The solution to the economic controversy between stimulus and austerity
Jun 05, 2012
There is a running debate today among those who believe in government "stimulus spending" and those who believe in "austerity."
Neither is the real solution, although both have consequences that can be seen as good and bad (a combination).
Remember in early 2009 that hundreds of billions of dollars were spent as a stimulus program. Now the pendulum is swinging the other way because the economic problems have remained with us.
Both sides recognize that companies have a lot of money (via Wall Street), but are not hiring here in America. Both sides tend to ignore the fact that the "free trade" policies of both of the major political parties is the reason why the jobs are being moved offshore.
People want bargain prices, and government takes credit for keeping down the rate of inflation--that is, we get lower prices because they are being made by people from other countries who are willing to work hard for low wages.
Americans don't want to pay higher prices for "Made in America."
When one company goes overseas, all of its competitors have to do the same in order to remain competitive and stay in business. In this way, the multinational corporations make lots of money, but the people on Main Street remain unemployed.
They say that "free trade" is "good for America. What they mean is that it is good for the corporations that are big enough to set up factories in low-wage countries.
The result? We have a high unemployment rate, which lowers tax revenues and slows the rate of borrowing money (to buy houses, cars, etc.) Since all money is created by borrowing, this means that less money is being created, and we have a shortage of money on Main Street--even while Wall Street has a glut of money.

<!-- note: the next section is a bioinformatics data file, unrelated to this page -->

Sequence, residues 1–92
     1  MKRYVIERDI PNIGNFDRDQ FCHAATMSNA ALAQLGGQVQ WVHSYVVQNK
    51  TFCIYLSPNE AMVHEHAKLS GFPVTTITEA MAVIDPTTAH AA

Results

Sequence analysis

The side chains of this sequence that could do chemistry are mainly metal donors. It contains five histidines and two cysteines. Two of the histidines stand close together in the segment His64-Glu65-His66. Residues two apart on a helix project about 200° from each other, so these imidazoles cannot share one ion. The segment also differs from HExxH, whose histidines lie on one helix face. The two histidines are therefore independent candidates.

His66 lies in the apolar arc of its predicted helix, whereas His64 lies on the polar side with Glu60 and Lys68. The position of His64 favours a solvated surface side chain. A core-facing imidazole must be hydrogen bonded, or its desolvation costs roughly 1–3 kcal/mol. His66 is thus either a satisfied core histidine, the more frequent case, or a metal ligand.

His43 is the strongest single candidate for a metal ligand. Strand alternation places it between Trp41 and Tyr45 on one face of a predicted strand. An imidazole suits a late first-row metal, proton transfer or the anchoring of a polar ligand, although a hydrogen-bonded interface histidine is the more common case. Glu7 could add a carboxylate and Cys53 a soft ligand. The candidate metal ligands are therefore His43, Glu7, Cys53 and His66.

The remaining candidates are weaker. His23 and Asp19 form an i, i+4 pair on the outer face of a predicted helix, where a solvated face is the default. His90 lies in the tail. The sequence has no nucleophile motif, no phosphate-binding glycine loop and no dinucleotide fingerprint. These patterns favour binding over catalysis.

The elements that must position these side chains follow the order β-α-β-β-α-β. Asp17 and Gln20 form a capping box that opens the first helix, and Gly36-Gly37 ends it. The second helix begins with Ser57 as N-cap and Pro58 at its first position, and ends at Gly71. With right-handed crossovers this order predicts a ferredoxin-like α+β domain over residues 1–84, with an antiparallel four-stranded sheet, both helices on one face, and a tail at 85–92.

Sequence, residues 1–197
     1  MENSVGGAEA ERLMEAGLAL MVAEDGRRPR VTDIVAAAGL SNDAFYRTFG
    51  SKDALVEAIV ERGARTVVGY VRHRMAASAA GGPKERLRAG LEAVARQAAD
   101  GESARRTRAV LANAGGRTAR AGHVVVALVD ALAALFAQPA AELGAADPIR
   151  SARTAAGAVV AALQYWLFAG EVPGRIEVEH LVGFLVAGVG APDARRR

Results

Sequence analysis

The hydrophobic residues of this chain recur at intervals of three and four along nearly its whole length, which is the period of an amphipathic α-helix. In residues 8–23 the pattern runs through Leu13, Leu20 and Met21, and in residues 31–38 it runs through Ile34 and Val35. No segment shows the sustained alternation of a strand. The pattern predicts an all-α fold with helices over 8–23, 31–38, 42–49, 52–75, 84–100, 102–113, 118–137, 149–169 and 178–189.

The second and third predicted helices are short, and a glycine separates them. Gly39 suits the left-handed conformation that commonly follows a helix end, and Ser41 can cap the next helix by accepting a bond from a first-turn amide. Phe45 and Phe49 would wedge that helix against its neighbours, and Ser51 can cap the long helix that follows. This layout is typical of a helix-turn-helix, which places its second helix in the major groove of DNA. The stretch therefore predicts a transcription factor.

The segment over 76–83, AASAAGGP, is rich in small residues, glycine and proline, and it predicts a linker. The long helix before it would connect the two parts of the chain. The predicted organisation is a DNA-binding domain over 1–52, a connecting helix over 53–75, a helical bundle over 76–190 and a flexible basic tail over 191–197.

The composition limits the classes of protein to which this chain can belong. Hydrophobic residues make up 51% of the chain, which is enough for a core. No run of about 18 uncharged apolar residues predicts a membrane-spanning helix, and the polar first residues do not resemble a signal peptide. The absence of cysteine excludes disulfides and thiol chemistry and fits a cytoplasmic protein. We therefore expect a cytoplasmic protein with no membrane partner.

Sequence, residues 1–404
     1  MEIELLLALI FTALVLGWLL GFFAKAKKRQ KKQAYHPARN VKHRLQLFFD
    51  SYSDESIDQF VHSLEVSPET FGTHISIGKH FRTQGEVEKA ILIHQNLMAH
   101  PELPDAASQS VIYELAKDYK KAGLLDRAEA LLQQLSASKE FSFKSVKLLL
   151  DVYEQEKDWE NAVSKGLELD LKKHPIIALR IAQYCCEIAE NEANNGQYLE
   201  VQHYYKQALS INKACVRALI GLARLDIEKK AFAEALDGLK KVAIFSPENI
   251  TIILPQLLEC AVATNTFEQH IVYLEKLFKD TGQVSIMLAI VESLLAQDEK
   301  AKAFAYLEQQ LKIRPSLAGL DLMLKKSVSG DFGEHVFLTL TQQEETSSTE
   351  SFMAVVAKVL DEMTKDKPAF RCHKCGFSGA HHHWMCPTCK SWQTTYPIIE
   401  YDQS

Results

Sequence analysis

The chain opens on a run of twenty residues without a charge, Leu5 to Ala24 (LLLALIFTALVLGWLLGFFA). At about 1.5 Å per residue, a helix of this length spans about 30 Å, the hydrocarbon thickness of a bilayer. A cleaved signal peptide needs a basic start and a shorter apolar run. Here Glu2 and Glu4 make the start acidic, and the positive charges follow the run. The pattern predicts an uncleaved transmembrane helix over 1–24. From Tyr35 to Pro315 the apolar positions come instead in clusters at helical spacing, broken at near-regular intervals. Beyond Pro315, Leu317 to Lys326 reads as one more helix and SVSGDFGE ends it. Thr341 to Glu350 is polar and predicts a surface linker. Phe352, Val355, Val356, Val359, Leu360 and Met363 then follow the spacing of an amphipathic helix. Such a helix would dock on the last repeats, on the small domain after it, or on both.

The shortage of money has to be alleviated by someone. Someone has to borrow the money. Hence, we have the "stimulus" spending, where government borrows more money to make up for the shortage of money on Main Street.
The big problem is that the government has used most of that stimulus money to bail out Wall Street instead of putting it into Main Street. So this stimulus money has had limited value, while putting the government further into debt.
Enter the "austerity" advocates. Because the stimulus "did not work," they want to contract the money supply further. They want the government to stop going further into debt. That sounds good, but under our present Babylonian debt-money system, to stop borrowing is the kiss of death. It would contract the supply of money and cause the worst depression ever known.
The solution is to take from the Federal Reserve Bank the right to create money and return it to the US Treasury where it belongs. Replace each Fed debt note with a debt-free Treasury Note. This will turn debt-based money into money that actually represents wealth.
God has been putting pressure on the whole world to overthrow the Babylonian debt-money system. In the end, the governments will have no choice. It is only a matter of time.
Dr. Stephen Jones